Stroke Biomarker, Health Equity Expert Joins Cedars-Sinai
Alexis Simpkins, MD, PhD, to Focus on Stroke Biomarkers Research and Health Equities Initiatives
Alexis Simpkins, MD, PhD, a stroke expert whose research focuses on acute stroke treatment and prevention, advanced brain imaging, and improving health equity in patient care and diversity among trainees in stroke, has joined the faculty in the Department of Neurology at Cedars-Sinai as director of Vascular Neurology Research and the Stroke RNA, Imaging, and Protein Predictors for Patient Tailored Treatments (SkRIPT) Program.
“Research that will improve outcomes for our patients is an essential component of our work in the Stroke Program at Cedars-Sinai, said Shlee S. Song, MD, director of the Comprehensive Stroke Center and the Telestroke Program. “We’re delighted to have Dr. Simpkins join our dedicated team of physician-scientists.”
At the University of Florida, where Simpkins served as an assistant professor in the Stroke Division in the Department of Neurology, she created and directed a program designed to recruit and match residents, fellows, and students to research projects focused on stroke using Team Science.
“We made sure these recruits understood social, economic and health care disparities in stroke, and we were able to successfully gather a very diverse group of self-motivated people,” Simpkins said. “At Cedars-Sinai, I will continue developing initiatives to recruit people from diverse backgrounds to work on stroke and cardiovascular disease.”
Simpkins also published research earlier this year in the peer-reviewed journal Ethnicity & Disease about the importance of understanding stroke survivors’ health perceptions and individual needs to address healthcare disparities. Focusing on a person’s individual perspective and most influential barriers to a healthy lifestyle allows health care providers to connect with patients and provide the kind of patient-tailored recommendations needed to achieve healthcare equity.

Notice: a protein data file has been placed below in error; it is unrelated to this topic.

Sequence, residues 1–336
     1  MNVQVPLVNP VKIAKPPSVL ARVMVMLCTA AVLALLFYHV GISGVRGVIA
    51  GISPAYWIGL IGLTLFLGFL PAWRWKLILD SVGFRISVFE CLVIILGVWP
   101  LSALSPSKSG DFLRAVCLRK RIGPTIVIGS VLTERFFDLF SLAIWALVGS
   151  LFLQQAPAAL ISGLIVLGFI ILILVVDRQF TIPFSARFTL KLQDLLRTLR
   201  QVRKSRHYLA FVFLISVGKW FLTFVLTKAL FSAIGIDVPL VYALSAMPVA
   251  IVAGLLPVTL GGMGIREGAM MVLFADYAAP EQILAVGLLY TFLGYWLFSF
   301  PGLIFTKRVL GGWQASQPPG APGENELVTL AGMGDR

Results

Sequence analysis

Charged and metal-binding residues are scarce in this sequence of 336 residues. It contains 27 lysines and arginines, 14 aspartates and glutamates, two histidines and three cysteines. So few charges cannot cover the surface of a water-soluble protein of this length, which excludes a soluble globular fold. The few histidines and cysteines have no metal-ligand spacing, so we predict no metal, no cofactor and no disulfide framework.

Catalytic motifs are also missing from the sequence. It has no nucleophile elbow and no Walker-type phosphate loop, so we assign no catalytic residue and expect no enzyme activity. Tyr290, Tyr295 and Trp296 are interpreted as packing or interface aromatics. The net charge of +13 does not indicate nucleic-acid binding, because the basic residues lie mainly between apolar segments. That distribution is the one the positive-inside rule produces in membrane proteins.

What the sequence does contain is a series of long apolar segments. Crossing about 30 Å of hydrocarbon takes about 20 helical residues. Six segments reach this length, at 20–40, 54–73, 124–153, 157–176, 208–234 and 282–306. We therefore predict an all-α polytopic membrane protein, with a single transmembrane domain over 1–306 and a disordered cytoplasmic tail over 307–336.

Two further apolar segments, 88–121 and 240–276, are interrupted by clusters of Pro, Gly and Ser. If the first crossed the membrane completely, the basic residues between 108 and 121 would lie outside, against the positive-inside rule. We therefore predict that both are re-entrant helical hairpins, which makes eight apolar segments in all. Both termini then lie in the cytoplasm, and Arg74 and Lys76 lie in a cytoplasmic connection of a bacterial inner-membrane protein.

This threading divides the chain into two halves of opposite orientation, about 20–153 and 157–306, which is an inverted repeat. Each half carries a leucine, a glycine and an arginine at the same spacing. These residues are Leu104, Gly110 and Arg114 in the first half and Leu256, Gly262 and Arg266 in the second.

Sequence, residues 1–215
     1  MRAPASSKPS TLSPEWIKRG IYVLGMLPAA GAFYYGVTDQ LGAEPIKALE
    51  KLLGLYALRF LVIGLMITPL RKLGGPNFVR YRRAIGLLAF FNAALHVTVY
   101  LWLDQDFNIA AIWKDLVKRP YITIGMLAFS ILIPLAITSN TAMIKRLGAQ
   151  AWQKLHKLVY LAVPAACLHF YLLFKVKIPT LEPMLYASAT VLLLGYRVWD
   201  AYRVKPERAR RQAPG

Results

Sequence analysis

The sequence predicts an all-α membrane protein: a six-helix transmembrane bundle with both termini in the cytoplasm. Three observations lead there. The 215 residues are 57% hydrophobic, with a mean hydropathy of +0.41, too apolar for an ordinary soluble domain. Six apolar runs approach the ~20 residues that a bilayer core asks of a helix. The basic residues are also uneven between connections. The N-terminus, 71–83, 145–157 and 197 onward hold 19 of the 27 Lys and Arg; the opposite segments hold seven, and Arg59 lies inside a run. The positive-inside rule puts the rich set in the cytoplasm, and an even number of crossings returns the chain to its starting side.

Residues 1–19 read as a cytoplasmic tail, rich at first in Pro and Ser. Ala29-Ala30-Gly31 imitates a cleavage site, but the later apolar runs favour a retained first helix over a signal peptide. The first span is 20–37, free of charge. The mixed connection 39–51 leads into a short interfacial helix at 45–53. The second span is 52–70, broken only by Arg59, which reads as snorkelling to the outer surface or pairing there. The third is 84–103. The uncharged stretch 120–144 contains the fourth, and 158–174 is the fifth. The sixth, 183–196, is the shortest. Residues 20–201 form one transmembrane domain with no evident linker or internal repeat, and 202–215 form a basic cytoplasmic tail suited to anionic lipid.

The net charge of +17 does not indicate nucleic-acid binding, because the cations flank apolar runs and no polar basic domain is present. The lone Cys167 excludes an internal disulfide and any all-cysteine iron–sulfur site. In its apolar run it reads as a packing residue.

“If you're able to better understand how someone walks through life, then you're more likely to be able to come up with a regimen that's feasible for them,” Simpkins said. “The non-tangible things can be just as important as ordering the medication.”
“The commitment to health equity and inclusiveness at Cedars-Sinai is longstanding,” said Nancy L. Sicotte, MD, chair of the Department of Neurology. “Recruitment of faculty like Dr. Simpkins carries our department forward and strengthens our mission.”
Simpkins earned dual doctoral degrees in vascular biology at the Medical College of Georgia, where she focused on novel therapeutics for acute stroke treatment. While she was still in medical school, her father had a stroke.
“It was right at the pivotal time when I was trying to determine what type of residency I wanted to go into,” Simpkins said. “Being in the hospital with my dad, and the relief that we all felt when the neurologist said that he was going to be OK, solidified for me that I wanted to be able to provide that same feeling for patients.”
At Cedars-Sinai, Simpkins is building an imaging and blood biomarkers repository that also incorporates socioeconomic outcomes for bioinformatics in stroke to help clinicians better determine what kinds of therapies might be effective as adjuncts to currently available treatments. She said such a repository would have benefited her father had it been available.
“At the time when my father had the stroke, acute stroke treatment options were more limited. We didn't know as much about other ways of screening for acute stroke therapies. Also, regimens used for stroke prevention were pretty uniform between patients,” Simpkins said. “Broadening our knowledge about how strokes progress and how we can tailor prevention and acute treatment for each patient will enable us to more effectively help a broader group of people. That's my goal.”
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